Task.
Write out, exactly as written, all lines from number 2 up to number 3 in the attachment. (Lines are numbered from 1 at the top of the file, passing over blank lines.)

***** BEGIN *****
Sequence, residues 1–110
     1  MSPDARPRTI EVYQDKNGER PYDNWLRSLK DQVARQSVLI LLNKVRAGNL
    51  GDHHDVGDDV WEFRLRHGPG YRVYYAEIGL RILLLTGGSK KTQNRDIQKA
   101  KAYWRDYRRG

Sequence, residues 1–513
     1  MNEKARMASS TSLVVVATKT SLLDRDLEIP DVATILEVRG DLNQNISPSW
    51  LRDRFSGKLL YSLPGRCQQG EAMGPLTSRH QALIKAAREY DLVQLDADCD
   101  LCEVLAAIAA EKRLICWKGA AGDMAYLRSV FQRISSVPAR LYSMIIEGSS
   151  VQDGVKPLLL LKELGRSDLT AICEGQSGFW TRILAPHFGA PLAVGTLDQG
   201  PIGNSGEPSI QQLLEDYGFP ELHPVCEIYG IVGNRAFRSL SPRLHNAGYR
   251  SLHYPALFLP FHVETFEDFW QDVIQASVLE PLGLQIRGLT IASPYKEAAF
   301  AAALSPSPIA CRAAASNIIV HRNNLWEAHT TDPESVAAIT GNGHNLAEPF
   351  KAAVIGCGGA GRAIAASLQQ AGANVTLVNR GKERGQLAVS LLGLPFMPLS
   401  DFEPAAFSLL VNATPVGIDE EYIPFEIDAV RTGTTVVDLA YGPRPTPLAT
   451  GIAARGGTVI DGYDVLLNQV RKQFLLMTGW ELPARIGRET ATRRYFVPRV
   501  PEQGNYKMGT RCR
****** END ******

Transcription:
     1  MSPDARPRTI EVYQDKNGER PYDNWLRSLK DQVARQSVLI LLNKVRAGNL
    51  GDHHDVGDDV WEFRLRHGPG YRVYYAEIGL RILLLTGGSK KTQNRDIQKA